61. Guo, Y.C.; Lee, A.K.; Yates, R.S.; Liang, S.; Rochelle, P.A. Analysis of microcystins in drinking water by ELISA and LC/MS/MS. J. Am. Water Work. Assoc. 2017, 109, 13–25. [Google Scholar] [CrossRef]
  62. Guillard, R.R.L. Culture of Phytoplankton for Feeding Marine Invertebrates. In Culture of Marine Invertebrate Animals: Proceedings—1st Conference on Culture of Marine Invertebrate Animals Greenport; Smith, W.L., Chanley, M.H., Eds.; Springer: Boston, MA, USA, 1975; pp. 29–60. [Google Scholar]
  63. Strickland, J.D.H.; Parsons, T.R. A Practical Handbook of Seawater Analysis; Fisheries Research Board of Canada: Ottawa, ON, Canada, 1972. [Google Scholar]
  64. Welschmeyer, N.A. Fluorometric analysis of chlorophyll a in the presence of chlorophyll b and pheopigments. Limnol. Oceanogr. 1994, 39, 1985–1992. [Google Scholar] [CrossRef]
  65. Greenstein, K.E.; Zamyadi, A.; Wert, E.C. Comparative assessment of physical and chemical cyanobacteria cell lysis methods for total microcystin-LR analysis. Toxins 2021, 13, 596. [Google Scholar] [CrossRef]
  66. RStudio Team. RStudio: Integrated Development Environment for R; Rstudio, PBC: Boston, MA, USA, 2020. [Google Scholar]
  67. Wickham, H. ggplot2. In Interdisciplinary Reviews Computational Statistics; Wiley: Hoboken, NJ, USA, 2011; Volume 3, pp. 180–185. [Google Scholar]
  68. Mazerolle, M.J. Model selection and multimodel inference using the AICcmodavg package. R Vignette 2020, 2020, 22. [Google Scholar]
  69. R Core Team. R: A Language and Environment for Statistical Computing; R Core Team: Vienna, Austria, 2022. [Google Scholar]
Figure 1. Average pMC concentration (µg L−1, n = 3) on the primary y-axis and chl-a concentration (µg L−1, n = 3) on the secondary y-axis over time for experiment AH (a), CR (b), IR (c), LL (d), MC (e), and CP (f). The standard error is shown as error bars. Note the differences in scale for the primary and secondary y axes.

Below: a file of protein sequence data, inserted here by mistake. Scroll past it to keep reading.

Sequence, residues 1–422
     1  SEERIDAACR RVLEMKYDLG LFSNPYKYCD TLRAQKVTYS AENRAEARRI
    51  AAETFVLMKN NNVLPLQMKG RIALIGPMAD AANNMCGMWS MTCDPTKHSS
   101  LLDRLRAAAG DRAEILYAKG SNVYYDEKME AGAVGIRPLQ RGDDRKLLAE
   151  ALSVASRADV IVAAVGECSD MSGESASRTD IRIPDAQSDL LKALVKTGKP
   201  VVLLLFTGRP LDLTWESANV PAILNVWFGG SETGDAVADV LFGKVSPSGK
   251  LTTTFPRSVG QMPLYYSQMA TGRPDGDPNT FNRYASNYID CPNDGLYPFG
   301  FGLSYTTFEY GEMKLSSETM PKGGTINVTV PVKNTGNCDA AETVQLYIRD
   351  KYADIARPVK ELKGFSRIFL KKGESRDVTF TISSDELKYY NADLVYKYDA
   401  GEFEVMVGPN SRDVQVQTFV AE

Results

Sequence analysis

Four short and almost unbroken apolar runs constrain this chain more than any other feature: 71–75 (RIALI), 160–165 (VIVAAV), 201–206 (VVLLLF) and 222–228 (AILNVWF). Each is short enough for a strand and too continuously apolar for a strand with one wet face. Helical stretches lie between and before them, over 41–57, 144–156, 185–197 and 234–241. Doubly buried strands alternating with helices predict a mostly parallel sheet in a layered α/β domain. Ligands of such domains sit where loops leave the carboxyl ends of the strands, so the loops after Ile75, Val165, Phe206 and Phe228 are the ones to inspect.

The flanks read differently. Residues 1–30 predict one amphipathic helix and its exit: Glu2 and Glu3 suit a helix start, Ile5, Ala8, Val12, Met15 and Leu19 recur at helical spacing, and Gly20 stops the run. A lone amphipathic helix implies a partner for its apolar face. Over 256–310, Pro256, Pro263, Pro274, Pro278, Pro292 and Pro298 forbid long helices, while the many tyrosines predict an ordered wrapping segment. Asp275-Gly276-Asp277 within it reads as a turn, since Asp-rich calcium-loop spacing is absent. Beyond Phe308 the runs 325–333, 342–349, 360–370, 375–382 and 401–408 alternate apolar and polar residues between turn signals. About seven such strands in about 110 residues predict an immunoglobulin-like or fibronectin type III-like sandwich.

Figure 1. Average pMC concentration (µg L−1, n = 3) on the primary y-axis and chl-a concentration (µg L−1, n = 3) on the secondary y-axis over time for experiment AH (a), CR (b), IR (c), LL (d), MC (e), and CP (f). The standard error is shown as error bars. Note the differences in scale for the primary and secondary y axes.
Toxins 15 00684 g001
Figure 2. pMC concentrations from individual incubation bottles in each experiment (µg L−1) shown over time. Changes in pMC followed an exponential decline for AH (n = 29) (a), CR (n = 29) (b), IR (n = 33) (c), LL (n = 33) (d), and MC (n = 28) (e), but not CP (n = 24) (f). The exponential-loss model is plotted in red (see also Table 1). Note the differences in scale for the primary y-axes.
Figure 2. pMC concentrations from individual incubation bottles in each experiment (µg L−1) shown over time. Changes in pMC followed an exponential decline for AH (n = 29) (a), CR (n = 29) (b), IR (n = 33) (c), LL (n = 33) (d), and MC (n = 28) (e), but not CP (n = 24) (f). The exponential-loss model is plotted in red (see also Table 1). Note the differences in scale for the primary y-axes.
Toxins 15 00684 g002